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Published on November 19th, 2014 | by Sophia Longhi


Kouzu, Belgravia

Kouzu, Belgravia Sophia Longhi

Summary: With faultless flavours and excellent craftsmanship, it has already earned its place amongst the best of Japanese cuisine that London has to offer


Best of Japan

Belgravia must be rubbing its hands with glee (and wiping the soy sauce of its chin) at the opening of its latest gourmet destination, Kouzu, on Grosvenor Gardens. With Japanese super-star chef, Kyoichi Kai of Zuma and Arts Club fame behind it and a Grade II-listed venue to house it, their October launch bowed under the weight of high expectations and a full inbox of review requests, no doubt.

If one must judge a book by its cover, then Kouzu starts off well – its muted colours, glass and light-wood furnishings are sophisticated and contemporary, making a striking contrast with the period surroundings. Diava, our amiable hostess, leads us to the ground-floor cocktail bar and we sit upon lovely, cushioned bar stools at a solid oak bar, which confirms it for me – this is a bar that is meant to be sat at. It is rare that you come across comfortable bar stools and there is a reason – the bar collective is experienced, skilled and knowledgeable and it would be a huge shame for you to miss out on front-row seats to watch talented mixologists at work and learn the ins and outs of the cocktail list.

The twisted cocktail concept is one that has been adopted by lots of bars these days, but here, we are not just talking a dash of syrup and a flower to transform your gin martini. Everything, down to the bones of these cocktails, has been considered, including the use of Awamori, a mellow alternative to Russian vodka. Mama’s Tea, made with Mikkakouji-Awamori and Russian Standard, is one punchy peach iced-tea, and the perfumed scent of the tea leaves hang in the air as the glass is placed in front of us. A more delicate choice is the Yuzu Lin – floral and sweet, it is a delicious aperitif. A dish of dried fruit (made in-house that morning) is served with the drinks as an extra layer of texture.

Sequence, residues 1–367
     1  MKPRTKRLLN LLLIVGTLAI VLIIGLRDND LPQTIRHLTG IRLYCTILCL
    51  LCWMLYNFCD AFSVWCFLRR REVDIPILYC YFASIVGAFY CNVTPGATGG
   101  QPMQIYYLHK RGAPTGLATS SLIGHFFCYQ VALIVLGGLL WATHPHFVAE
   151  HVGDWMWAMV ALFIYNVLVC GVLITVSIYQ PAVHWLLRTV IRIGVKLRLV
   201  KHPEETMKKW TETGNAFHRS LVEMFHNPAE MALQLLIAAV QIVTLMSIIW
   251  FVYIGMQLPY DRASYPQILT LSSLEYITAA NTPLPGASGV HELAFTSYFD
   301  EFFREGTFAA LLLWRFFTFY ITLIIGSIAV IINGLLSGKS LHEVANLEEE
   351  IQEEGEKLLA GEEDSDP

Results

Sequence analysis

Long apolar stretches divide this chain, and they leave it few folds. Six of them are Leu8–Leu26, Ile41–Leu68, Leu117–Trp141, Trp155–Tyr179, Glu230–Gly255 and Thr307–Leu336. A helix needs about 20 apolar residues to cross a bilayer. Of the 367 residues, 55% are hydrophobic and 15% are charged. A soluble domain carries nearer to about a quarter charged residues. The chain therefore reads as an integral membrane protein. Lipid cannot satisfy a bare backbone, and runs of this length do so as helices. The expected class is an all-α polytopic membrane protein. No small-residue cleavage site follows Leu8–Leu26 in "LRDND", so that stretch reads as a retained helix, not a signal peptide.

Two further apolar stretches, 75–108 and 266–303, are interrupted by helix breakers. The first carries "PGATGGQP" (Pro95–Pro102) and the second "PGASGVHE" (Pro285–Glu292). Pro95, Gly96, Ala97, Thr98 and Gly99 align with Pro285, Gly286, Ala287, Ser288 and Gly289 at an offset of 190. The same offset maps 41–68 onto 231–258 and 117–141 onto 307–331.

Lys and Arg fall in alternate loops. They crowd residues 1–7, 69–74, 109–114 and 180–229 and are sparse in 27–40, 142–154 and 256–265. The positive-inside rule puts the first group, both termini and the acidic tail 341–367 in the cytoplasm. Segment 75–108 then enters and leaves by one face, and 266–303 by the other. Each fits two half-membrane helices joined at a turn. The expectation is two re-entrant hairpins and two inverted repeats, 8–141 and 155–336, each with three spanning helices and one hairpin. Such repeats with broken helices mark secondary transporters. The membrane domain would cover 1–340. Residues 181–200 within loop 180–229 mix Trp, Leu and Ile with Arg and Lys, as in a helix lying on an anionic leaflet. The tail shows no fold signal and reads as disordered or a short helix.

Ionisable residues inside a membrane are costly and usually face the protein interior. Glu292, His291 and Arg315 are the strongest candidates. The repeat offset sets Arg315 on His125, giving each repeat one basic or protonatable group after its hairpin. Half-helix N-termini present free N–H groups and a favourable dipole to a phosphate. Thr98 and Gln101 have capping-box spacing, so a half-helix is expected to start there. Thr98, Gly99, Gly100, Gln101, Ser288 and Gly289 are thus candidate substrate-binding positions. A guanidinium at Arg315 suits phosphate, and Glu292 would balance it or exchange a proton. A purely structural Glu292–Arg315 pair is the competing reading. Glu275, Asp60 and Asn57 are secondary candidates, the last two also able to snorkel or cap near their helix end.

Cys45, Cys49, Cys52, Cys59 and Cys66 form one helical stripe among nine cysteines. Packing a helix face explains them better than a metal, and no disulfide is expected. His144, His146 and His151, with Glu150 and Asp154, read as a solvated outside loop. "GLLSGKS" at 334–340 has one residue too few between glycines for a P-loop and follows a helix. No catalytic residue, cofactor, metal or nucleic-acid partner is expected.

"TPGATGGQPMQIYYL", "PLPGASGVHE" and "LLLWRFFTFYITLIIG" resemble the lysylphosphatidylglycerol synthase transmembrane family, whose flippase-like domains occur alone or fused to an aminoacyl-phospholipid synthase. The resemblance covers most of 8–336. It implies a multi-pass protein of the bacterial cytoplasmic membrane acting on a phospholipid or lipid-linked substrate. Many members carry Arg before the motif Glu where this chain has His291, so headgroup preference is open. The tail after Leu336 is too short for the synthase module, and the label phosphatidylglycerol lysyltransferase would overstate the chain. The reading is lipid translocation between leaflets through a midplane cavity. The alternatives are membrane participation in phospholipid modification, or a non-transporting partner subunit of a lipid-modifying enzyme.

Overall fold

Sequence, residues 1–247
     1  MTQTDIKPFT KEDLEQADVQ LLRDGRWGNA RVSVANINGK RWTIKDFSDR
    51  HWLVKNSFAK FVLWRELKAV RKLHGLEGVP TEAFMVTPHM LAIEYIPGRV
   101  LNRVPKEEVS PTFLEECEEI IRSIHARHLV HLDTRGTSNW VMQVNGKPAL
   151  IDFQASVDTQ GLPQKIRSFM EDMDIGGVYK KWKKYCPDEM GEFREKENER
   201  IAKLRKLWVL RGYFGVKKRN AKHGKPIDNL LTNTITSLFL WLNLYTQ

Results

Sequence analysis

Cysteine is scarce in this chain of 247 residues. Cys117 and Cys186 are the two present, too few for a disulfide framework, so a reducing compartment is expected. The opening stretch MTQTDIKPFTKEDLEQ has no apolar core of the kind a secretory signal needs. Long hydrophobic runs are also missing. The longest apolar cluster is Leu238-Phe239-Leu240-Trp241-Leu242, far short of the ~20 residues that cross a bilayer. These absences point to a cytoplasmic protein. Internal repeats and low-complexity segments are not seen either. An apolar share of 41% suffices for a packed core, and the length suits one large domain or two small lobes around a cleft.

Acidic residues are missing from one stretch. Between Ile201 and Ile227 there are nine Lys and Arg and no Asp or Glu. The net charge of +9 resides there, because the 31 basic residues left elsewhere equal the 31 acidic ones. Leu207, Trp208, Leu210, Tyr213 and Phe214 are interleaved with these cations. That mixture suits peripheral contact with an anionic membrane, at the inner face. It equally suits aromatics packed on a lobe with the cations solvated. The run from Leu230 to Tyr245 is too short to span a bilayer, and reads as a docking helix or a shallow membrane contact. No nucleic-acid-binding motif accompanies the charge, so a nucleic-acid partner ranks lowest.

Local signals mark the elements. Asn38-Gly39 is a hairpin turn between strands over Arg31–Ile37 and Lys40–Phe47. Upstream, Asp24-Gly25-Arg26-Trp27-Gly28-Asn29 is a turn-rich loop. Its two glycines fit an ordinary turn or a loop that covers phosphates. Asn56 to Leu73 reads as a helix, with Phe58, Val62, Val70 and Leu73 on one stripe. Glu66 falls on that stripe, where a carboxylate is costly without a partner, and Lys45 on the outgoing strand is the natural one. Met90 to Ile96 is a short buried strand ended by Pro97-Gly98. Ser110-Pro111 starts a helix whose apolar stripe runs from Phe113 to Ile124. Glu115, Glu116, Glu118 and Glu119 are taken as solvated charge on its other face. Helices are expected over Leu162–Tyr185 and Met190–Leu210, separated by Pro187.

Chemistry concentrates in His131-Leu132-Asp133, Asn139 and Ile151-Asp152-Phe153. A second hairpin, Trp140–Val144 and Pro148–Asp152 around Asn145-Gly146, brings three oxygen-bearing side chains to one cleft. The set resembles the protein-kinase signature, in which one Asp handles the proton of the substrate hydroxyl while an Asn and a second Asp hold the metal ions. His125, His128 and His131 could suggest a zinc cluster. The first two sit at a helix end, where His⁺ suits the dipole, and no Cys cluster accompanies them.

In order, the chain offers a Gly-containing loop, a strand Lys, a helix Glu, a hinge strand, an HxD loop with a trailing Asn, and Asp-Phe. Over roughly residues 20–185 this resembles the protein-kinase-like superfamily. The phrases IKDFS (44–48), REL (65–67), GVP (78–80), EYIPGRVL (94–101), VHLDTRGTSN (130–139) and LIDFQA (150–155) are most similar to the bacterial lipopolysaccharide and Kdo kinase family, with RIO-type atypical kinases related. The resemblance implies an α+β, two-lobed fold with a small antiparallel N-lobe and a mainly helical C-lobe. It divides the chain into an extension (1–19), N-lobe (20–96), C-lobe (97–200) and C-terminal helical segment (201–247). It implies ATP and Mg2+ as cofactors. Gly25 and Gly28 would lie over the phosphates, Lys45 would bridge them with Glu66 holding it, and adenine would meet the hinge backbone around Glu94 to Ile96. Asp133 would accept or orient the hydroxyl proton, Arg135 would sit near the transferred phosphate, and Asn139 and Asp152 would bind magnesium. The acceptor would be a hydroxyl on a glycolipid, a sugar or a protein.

Sushi Chef

After the first taste of Japan of the evening, Diava leads us up the sweeping staircase to the floating mezzanine level, where we are seated at the sushi bar and we meet our personal chef, Ryu. Trained by master chefs in Japan, and having worked in London’s top Japanese establishments, we are in the hands of an expert and are more than happy to let Ryu take the lead and share his recommendations with us.

We start with a selection of sashimi – the salmon and the yellow tail, recommended by Ryu as perfect start points for our culinary journey. The salmon, with an aromatic youz soy dressing, is fresh, clean – and one of the big favourites on the menu. I am a huge fan of rich flavours and the yellow tail with truffle dressing is absolutely exquisite.


There are many advantages of having a personal chef prepare and serve your food before your very eyes, not least the interaction, which feels like some kind of education about each dish, but also for the invaluable advice. No soy sauce, Ryu gently advises, because it will kill the flavour of the delicate fish. Another one of the endless perks of being front-row is seeing first-hand the love and passion that goes into each work of art – because, here, that’s what it is – and witnessing the skill and precision of the preparation, each deft slice, until it is presented, perfectly, on the plate.